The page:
BAD POLICIES INTERACT BADLY. The editorial board at the Northern Star comments on the violent end to Homecoming.

Many students living in the residence halls feel that the severe security measures taken by NIU were at least partially to blame. With barricaded streets and students unable to return to their buildings after having left, students complained they were confused about where they could go and felt trapped inside their residence halls.

This problem was exacerbated by the fact that it was the end of the week, and not only did many students have few dining dollars remaining, but the increased security made it very difficult to procure food, forcing residents to walk long distances in the dark to obtain ordered food.

It is difficult to disagree with these observations.

Their recommendations for the future are of the class "be careful what you ask for, you just might get it."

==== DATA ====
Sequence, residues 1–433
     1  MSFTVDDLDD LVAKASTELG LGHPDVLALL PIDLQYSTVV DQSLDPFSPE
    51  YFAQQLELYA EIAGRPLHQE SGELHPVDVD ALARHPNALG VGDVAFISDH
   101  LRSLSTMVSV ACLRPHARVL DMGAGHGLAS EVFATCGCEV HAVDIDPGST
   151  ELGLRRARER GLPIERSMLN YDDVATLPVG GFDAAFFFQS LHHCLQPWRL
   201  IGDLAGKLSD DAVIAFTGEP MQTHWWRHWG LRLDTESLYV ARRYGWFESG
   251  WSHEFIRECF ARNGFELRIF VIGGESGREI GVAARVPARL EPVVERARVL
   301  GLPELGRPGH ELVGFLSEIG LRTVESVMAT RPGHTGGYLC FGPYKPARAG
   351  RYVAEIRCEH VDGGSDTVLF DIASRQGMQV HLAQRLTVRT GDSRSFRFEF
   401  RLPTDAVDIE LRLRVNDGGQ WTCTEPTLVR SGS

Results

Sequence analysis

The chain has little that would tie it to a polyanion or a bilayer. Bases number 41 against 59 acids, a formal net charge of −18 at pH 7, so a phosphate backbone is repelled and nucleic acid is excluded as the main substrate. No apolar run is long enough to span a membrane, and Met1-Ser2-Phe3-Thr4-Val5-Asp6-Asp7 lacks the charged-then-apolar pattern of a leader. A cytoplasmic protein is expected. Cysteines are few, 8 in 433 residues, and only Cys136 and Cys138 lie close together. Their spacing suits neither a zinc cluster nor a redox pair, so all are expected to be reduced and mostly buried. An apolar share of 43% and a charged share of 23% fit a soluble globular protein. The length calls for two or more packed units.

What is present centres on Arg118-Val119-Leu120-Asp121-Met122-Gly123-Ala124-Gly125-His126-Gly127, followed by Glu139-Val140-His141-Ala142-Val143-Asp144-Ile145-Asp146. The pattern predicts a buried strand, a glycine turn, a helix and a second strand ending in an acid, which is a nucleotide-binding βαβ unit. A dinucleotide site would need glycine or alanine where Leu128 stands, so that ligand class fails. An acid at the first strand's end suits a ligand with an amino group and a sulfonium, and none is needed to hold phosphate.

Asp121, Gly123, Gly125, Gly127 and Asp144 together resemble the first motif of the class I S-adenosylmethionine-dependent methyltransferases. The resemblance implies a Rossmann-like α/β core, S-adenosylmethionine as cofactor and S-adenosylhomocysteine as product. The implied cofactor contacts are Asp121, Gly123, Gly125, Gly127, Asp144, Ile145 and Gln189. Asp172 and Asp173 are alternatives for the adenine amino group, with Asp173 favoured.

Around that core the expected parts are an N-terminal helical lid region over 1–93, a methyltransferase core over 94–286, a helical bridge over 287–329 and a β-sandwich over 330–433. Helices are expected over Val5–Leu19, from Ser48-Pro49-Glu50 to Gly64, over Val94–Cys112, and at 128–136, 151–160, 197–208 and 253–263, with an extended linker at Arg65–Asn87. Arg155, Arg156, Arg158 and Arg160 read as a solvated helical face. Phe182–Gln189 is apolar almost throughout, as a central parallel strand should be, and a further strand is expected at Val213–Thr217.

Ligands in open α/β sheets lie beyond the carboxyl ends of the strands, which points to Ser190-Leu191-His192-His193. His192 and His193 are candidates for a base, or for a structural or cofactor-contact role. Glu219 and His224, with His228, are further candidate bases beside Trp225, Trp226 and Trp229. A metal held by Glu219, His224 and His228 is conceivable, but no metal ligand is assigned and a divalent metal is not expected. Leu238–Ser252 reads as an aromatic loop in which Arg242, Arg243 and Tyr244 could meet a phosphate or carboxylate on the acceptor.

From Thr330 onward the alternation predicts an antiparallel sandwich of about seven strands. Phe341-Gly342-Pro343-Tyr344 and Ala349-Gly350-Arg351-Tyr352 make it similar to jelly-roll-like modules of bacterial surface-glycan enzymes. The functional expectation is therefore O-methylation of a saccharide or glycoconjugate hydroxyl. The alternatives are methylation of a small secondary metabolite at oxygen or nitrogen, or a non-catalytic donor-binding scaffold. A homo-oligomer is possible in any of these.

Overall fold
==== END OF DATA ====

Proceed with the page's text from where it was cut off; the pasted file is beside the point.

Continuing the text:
Perhaps the real root of the problem was a lack of foresight in the community's planning. There was the Homecoming game, a Convocation Center concert that brought in many people (some from out of town), a dance at the Rec center and Greek events like "Yell Like Hell" all occuring at once. The result was a mix of many different groups in one place at one time. Add mass amounts of recreational drinking to this situation and DeKalb suddenly became a lot less safe and more difficult to monitor.

Hopefully, the community will plan next year's Homecoming with a more acute sense of its risks, instead of combining strict lockdowns with overzealous event-planning.

Today's paper also included the latest ukase from the DeKalb City Council, banning large Reading Day parties. (Reading Day is the last Friday of the spring semester. By long tradition no classes meet that day in order for students who have Saturday exams to be able to study.) Does such a ban qualify as "overzealous?"

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